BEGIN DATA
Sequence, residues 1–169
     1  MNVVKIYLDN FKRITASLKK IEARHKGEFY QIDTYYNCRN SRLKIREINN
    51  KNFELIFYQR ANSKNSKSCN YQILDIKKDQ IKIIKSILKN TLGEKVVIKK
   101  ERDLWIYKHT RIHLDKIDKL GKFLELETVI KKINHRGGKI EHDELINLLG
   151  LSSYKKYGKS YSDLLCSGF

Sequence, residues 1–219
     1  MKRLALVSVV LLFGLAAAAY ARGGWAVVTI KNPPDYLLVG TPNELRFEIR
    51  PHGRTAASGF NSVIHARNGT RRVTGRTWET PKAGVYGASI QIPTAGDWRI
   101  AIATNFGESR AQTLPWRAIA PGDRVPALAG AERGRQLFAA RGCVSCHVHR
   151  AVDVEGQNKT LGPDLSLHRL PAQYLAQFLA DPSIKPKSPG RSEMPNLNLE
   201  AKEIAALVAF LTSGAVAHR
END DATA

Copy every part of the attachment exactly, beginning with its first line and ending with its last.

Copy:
Sequence, residues 1–169
     1  MNVVKIYLDN FKRITASLKK IEARHKGEFY QIDTYYNCRN SRLKIREINN
    51  KNFELIFYQR ANSKNSKSCN YQILDIKKDQ IKIIKSILKN TLGEKVVIKK
   101  ERDLWIYKHT RIHLDKIDKL GKFLELETVI KKINHRGGKI EHDELINLLG
   151  LSSYKKYGKS YSDLLCSGF

Sequence, residues 1–219
     1  MKRLALVSVV LLFGLAAAAY ARGGWAVVTI KNPPDYLLVG TPNELRFEIR
    51  PHGRTAASGF NSVIHARNGT RRVTGRTWET PKAGVYGASI QIPTAGDWRI
   101  AIATNFGESR AQTLPWRAIA PGDRVPALAG AERGRQLFAA RGCVSCHVHR
   151  AVDVEGQNKT LGPDLSLHRL PAQYLAQFLA DPSIKPKSPG RSEMPNLNLE
   201  AKEIAALVAF LTSGAVAHR